USPS OIG Report: Postal Inspection Service New York Division


Our objective was to determine whether the U.S. Postal Inspection Service, New York Division, implemented effective controls for accountable property, case management, and training. Based on risk analysis of closed case count and workhours, number of hotline referrals, and National Compliance Review occurrence, we selected the New York Division for our review.

The mission of the Postal Inspection Service is to support and protect the U.S. Postal Service and its employees, infrastructure, and customers; enforce the laws that defend the nation’s mail system from illegal or dangerous use; and ensure public trust in the mail.

Postal inspectors are federal law enforcement agents responsible for enforcing more than 200 federal statutes that deal with the Postal Service and the U.S. mail.

Postal inspectors use various tools and resources to carry out their mission, which includes the Case Management System used to open and close cases, and to document and track case activities. In addition, postal inspectors are assigned accountable property, such as firearms and vehicles, to perform their work.

The New York Division has 89 postal inspectors. In fiscal year (FY) 2018, it had 294 closed, jacketed cases. A jacketed case is opened when there is indication or occurrence of criminal activity warranting further review. We reviewed a random sample of 60 closed, jacketed cases in FY 2018.

What the OIG Found

The Postal Inspection Service provided required threat management training to postal inspectors and instructors. However, the Postal Inspection Service has not consistently implemented effective controls for accountable property and case management.

Specifically, opportunities exist to strengthen controls over high-value evidence, inventory management, undercover operations, and case management. We found:

  • Postal inspectors did not properly package, track, and store high-value evidence. Specifically, out of 66 total pieces, three [redacted] were torn and had to be repackaged during our site visit; one piece of [redacted] evidence did not have matching dates on the sealed bag and the evidence tracking system; and one piece of grand jury evidence was not kept separate from other evidence, as required per policy.
  • New York Division personnel did not adequately track and conduct annual inventories of [redacted] postal inspectors’ offices, Postal Service facilities with lookout galleries, and the evidence room.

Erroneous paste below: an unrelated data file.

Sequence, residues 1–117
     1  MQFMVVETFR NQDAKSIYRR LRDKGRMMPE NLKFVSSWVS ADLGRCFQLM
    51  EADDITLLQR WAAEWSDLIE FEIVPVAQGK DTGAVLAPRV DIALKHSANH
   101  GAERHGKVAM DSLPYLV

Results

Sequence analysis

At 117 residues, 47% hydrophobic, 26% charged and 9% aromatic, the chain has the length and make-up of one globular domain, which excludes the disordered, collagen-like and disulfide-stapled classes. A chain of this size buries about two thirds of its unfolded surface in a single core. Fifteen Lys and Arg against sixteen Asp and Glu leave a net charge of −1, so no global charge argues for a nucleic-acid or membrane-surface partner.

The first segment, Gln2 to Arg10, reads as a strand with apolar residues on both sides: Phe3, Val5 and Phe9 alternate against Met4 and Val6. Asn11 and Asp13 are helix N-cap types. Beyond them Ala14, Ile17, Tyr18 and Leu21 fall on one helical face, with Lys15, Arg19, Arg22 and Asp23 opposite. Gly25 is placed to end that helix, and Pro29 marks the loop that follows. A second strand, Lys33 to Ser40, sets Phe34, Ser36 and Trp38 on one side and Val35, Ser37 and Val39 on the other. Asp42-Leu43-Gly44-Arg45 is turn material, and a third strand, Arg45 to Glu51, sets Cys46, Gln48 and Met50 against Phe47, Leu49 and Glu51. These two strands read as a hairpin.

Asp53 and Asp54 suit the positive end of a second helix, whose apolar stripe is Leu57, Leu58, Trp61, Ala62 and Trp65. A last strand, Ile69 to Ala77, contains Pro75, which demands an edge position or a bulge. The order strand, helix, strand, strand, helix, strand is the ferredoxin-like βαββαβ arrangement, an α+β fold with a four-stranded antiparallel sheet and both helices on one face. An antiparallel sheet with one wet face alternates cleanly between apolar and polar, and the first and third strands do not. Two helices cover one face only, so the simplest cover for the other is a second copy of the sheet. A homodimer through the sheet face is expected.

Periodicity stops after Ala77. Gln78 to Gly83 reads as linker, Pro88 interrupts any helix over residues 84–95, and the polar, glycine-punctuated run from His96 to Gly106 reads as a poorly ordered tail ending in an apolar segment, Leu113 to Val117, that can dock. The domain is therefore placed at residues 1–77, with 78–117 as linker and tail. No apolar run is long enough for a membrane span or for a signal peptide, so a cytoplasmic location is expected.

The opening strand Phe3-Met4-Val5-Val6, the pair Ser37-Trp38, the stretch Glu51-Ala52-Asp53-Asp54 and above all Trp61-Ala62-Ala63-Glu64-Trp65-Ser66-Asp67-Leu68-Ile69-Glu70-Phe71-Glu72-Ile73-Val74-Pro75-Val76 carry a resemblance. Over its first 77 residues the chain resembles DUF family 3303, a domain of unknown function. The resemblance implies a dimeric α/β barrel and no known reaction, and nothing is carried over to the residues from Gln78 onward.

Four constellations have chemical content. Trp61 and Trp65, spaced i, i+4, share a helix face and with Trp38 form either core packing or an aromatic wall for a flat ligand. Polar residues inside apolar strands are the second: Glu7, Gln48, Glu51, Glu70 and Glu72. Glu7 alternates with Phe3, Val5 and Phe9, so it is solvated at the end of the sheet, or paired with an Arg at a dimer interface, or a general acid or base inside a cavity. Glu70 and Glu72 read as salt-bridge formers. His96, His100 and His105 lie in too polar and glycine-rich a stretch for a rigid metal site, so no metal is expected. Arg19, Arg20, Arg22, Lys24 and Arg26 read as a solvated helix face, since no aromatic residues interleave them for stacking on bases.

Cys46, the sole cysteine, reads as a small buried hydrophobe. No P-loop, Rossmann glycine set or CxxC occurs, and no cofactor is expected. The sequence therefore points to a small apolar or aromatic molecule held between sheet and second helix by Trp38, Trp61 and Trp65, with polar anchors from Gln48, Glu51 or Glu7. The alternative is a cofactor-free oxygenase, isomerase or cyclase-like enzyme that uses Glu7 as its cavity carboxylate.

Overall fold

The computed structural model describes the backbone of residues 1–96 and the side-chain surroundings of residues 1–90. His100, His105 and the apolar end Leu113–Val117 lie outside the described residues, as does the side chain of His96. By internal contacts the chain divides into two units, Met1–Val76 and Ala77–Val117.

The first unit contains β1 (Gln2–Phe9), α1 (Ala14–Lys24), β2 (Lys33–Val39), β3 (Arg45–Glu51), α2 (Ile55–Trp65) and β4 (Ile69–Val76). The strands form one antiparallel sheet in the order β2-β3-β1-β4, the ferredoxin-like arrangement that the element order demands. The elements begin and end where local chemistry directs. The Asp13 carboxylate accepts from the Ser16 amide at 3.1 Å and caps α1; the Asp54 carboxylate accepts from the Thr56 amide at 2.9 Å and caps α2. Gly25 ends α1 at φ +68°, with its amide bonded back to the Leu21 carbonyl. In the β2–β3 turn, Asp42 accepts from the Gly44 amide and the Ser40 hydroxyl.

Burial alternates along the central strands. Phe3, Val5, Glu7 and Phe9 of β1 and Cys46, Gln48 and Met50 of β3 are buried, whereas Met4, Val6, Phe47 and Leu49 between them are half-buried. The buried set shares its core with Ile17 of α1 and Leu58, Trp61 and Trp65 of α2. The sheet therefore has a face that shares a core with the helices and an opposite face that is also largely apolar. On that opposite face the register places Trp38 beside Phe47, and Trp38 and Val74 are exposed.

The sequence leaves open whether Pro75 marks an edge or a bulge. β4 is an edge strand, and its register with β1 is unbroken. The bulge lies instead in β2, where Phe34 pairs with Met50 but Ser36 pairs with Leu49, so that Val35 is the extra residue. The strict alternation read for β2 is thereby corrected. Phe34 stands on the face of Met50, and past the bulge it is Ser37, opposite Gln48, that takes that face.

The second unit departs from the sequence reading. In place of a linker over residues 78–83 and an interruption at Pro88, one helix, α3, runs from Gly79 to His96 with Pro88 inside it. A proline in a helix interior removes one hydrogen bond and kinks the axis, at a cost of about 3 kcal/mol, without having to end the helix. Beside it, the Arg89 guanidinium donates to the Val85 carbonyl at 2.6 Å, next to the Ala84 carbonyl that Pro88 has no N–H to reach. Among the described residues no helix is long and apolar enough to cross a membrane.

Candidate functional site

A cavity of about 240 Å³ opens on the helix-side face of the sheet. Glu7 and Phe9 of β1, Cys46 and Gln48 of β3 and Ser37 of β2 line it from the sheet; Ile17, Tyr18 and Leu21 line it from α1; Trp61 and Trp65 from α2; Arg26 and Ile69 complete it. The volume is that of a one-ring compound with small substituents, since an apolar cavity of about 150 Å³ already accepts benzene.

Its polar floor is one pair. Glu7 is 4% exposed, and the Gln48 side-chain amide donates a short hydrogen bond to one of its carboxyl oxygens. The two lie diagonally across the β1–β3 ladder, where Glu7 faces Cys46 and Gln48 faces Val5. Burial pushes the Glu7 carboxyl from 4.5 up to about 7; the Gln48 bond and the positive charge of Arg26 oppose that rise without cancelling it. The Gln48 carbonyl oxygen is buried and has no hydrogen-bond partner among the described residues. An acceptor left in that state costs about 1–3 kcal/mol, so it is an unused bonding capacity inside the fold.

• Postal inspectors did not receive the required approvals to conduct undercover operations for five of seven cases in our sample that had undercover operations.
  • Postal inspectors did not prepare field notes for 44 of 60 (73 percent) cases; and prepare a signed, detailed list of seized items or properties for 4 of 40 (10 percent) cases with an arrest.

Overall, these conditions occurred due to inconsistent management oversight and insufficient policy or procedures. Specifically:

  • Policy does not specify the quality or durability of storage materials needed for securely packaging [redacted] evidence.
  • Management and a postal inspector were unaware and unable to explain the mislabeling of evidence.
  • A postal inspector was unaware of the policy for storing grand jury material separately from other evidence.
  • Procedures did not exist to track to [redacted] employees or conduct an annual inventory.
  • Management did not consider [redacted] as undercover operations due to policy inconsistency.
  • Case management reporting requirements were not consistently followed.
  • A prior audit report identified issues concerning case management requirements and recommended management provide refresher training to team leaders on investigative documentation requirements and proper case closure procedures. Management agreed and plans to provide the training by September 30, 2020; therefore, we are not making a recommendation for this issue.

What the OIG Recommended

We recommended management:

  • Update policy to include guidelines for packaging [redacted] evidence.
  • Reiterate the policy related to high-value evidence to postal inspectors.
  • Reiterate policy for tracking [redacted] and [redacted] assigned to postal inspectors and conducting an inventory of the [redacted].
  • Update policy to provide consistent guidance for [redacted] as related to undercover operations.
  • Update policy to require undercover operation approvals be stored in the Case Management System.

Read full report

Source: USPS Office of Inspector General

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